Everybody dores it. It's like I've grown up on it. It's like how you felt about stuff when you were growing up.
Michele said last week that we could perhaps refer not to Information Communication Technologies, (ICT) but to Information, Relationship and Communication Technologies (IRCT). My preference is for Communication, Relationship and Information Technologies, because we can call it CRIT, or maybe even Social Communication, Relationship Information Technologies (SCRIT). Or maybe ...
Well I think that because we are so busy using our digital tools in our lives to do things all the time, we move from one digital item in careful, discriminating and blended ways all the time. It is about DOING, not just reading or writing. We DO notice when we move from one tool to another; we choose carefully whether to text, to talk, to Instant Message, to blog or to write an article on our word processors. But we move in free flow from one area to another; our i-pods are commodity fetishes; so artifacts, the tools we use are fashion items , are clothing. In this way we blur the boundaries between jewellery and technology. So it is easy, I think, for resaerchers to start thinking about the body as text, fashion as text.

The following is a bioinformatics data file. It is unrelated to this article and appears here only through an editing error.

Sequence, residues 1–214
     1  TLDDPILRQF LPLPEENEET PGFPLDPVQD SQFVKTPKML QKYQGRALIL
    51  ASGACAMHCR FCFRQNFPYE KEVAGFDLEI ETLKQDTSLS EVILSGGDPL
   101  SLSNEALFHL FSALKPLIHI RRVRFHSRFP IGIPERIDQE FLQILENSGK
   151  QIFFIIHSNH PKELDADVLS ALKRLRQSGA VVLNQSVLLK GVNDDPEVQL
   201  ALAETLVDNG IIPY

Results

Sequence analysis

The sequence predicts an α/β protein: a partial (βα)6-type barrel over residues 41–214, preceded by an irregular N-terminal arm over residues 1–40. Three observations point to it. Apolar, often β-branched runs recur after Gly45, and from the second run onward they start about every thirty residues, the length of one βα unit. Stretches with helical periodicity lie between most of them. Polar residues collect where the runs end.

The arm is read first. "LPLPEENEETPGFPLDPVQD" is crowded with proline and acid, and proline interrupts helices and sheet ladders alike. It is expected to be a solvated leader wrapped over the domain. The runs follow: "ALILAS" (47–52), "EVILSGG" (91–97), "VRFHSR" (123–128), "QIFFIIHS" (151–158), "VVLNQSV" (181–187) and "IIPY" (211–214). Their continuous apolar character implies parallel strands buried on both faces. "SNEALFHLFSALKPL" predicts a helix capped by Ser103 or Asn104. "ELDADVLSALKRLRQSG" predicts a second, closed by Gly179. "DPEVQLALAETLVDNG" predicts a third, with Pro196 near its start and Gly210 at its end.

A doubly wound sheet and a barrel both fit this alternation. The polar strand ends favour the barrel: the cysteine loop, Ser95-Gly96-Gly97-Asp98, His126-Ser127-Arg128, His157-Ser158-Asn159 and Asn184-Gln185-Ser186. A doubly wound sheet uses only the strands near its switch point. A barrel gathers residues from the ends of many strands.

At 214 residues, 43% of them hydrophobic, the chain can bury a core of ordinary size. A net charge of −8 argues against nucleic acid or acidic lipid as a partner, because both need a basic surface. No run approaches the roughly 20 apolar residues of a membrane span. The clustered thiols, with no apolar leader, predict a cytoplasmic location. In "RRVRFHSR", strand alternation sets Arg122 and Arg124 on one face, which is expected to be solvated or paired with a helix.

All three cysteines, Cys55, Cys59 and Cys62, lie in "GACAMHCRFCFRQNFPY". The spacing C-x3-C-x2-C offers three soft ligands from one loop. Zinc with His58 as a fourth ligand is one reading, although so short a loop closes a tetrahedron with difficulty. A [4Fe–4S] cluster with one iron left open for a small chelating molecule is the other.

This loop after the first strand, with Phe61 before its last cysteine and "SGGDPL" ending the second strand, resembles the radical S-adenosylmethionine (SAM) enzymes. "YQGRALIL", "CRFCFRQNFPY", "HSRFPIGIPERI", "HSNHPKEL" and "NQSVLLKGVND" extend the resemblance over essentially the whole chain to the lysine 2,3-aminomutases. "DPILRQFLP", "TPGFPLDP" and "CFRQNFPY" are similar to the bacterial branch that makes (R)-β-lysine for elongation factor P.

Our mobile phones allow us to do particular identity performances; our blogs allow us to play with ideas to do with work, to do with family and to bring in images from our phones or Flickr sites. We customise our blogs and personal sites, like we decorate and furnish our home spaces and teenage bedroom walls. It becomes easy for me to think about these kinds of spaces as texts from which to read off messages about identity. Our activities are facilitated by our use of materials in a blended way. And so I think it is becoming tempting to broaden our notions of literacy.
Those who are insiders of the technology seem to make the choices of what technology to use and when, with ease ... but those who don't?
We need to teach them. It is about the right technology in the right context; not just the right language in the right context. Because medium, message and mode are so close, we need incorporate medium and modality because they partly constitute the message and impact on meaning.
So I argue for a broad notion of what literacy is about. And I want to be a semiotician.
(Well, it is easier than being an acrobat in Picadilly Circus, which is what I wanted to be when I was seven.)